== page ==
Manafort faces more prison time – and 16 new NY charges

The News Tribune - - Front Page - BY ERIC TUCKER AND CHAD DAY

For­mer Trump cam­paign chair­man Paul Manafort was sen­tenced to a to­tal of seven and a half years in prison on fed­eral charges Wed­nes­day, then was hit al­most im­me­di­ately with fresh state charges in New York that could put him out­side the pres­i­dent’s power to par­don.

In Wash­ing­ton, U.S. Dis­trict Judge Amy Ber­man Jack­son brushed aside Manafort’s pleas for le­niency and re­buked him for mis­lead­ing the U.S. gov­ern­ment about his lu­cra­tive for­eign lob­by­ing work and for en­cour­ag­ing wit­nesses to lie on his be­half.

“It is hard to over­state the num­ber of lies and the amount of fraud and the ex­tra­or­di­nary amount of money in­volved” in the crimes, Jack­son told Manafort, 69, who sat stone-faced in a wheel­chair he has used be­cause of gout. She added three­and-a-half years on top of the nearly four-year sen­tence Manafort re­ceived last week in a sep­a­rate case in Vir­ginia, though he’ll get credit for nine months al­ready served.

The sen­tenc­ing hear­ing was a mile­stone in spe­cial coun­sel Robert Mueller’s in­ves­ti­ga­tion into pos­si­ble co­or­di­na­tion be­tween the Trump cam­paign and Rus­sia in the 2016 elec­tion cam­paign. Manafort was among the first peo­ple charged in the in­ves­ti­ga­tion, and though the al­le­ga­tions did not re­late to his work for can­di­date Don­ald Trump, his for­eign en­tan­gle­ments and busi­ness re­la­tion­ship with an as­so­ciate the U.S. says has ties to Rus­sian in­tel­li­gence have made him a piv­otal fig­ure in the probe.

Pros­e­cu­tors are up­dat­ing judges this week on the co­op­er­a­tion pro­vided by other key de­fen­dants in the case. Mueller is ex­pected to soon con­clude his in­ves­ti­ga­tion in a con­fi­den­tial re­port to the Jus­tice De­part­ment.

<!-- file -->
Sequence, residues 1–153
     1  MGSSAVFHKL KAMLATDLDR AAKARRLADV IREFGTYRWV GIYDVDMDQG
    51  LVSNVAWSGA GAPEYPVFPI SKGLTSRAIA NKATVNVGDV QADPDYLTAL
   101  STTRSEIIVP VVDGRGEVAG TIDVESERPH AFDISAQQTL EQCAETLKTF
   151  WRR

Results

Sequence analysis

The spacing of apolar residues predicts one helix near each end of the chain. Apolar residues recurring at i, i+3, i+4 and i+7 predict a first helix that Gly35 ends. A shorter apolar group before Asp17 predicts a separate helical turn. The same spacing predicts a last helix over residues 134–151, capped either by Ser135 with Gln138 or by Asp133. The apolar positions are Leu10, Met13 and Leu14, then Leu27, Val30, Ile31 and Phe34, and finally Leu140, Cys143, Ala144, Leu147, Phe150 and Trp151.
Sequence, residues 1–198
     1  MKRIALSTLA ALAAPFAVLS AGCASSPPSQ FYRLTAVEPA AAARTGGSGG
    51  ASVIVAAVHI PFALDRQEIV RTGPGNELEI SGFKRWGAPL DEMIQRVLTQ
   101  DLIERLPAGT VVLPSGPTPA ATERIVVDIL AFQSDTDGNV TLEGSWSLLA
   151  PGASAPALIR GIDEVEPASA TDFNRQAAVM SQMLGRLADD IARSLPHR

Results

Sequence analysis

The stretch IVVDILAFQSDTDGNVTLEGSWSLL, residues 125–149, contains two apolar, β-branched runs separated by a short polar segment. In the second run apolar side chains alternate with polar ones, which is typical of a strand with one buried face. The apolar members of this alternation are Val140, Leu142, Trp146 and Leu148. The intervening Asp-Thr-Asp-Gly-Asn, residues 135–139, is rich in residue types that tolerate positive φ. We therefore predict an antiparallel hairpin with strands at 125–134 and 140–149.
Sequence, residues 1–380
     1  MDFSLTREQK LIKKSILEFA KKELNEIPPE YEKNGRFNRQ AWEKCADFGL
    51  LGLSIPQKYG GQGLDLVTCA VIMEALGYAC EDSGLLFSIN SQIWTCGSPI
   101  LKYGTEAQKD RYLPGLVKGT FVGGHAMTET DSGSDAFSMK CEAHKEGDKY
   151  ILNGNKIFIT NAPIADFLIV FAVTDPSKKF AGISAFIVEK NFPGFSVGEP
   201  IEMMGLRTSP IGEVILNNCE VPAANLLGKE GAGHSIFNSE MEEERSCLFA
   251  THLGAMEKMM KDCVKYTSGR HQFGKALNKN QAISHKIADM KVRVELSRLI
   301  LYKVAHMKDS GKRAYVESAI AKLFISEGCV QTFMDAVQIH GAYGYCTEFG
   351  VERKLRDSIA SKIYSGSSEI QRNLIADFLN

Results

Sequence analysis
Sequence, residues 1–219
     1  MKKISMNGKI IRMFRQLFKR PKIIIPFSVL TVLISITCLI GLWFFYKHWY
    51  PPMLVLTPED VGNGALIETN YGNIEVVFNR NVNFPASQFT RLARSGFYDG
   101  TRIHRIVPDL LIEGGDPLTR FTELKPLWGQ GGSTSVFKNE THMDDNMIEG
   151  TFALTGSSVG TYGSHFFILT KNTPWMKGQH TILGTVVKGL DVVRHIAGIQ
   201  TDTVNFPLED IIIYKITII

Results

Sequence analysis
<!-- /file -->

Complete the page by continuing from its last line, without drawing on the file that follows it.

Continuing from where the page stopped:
Min­utes after Manafort’s fed­eral sen­tence was im­posed, New York pros­e­cu­tors un­sealed a 16-count in­dict­ment ac­cus­ing

him of giv­ing false in­for­ma­tion on mort­gage loan ap­pli­ca­tions. The new case ap­peared de­signed at least in part to pro­tect against the pos­si­bil­ity that Trump could par­don Manafort, who led the celebrity busi­ness­man’s 2016 White House bid for months. The pres­i­dent can par­don fed­eral crimes but not state of­fenses.

New York’s at­tor­ney gen­eral’s of­fice had looked into whether it could bring state-level crimes against Manafort but faced a pos­si­ble road­block be­cause of the state’s dou­ble jeop­ardy law.

Still, Man­hat­tan pros­e­cu­tors, who brought the new in­dict­ment, con­tend their case is safe be­cause mort­gage fraud and fal­si­fy­ing busi­ness records are state but not fed­eral crimes.

At the White House, Trump said he felt “very badly” for Manafort but hadn’t given any thought to a par­don. “No col­lu­sion,” the pres­i­dent added.

On Wed­nes­day, Judge Jack­son scolded Manafort’s lawyers for assert­ing that their client was charged only be­cause pros­e­cu­tors couldn’t get him on crimes re­lated to po­ten­tial col­lu­sion with the Trump cam­paign.

“The no-col­lu­sion mantra is sim­ply a non se­quitur,” she said, sug­gest­ing that those ar­gu­ments were meant for an au­di­ence out­side the court­room – pre­sum­ably the pres­i­dent.

CLIFF OWEN AP

After Paul Manafort’s sen­tenc­ing hear­ing Wed­nes­day in Wash­ing­ton, his at­tor­ney Kevin Down­ing was shouted down by pro­test­ers and de­clined to com­ment on the new charges in New York against Manafort, Pres­i­dent Don­ald Trump’s for­mer cam­paign man­ager.

Paul Manafort

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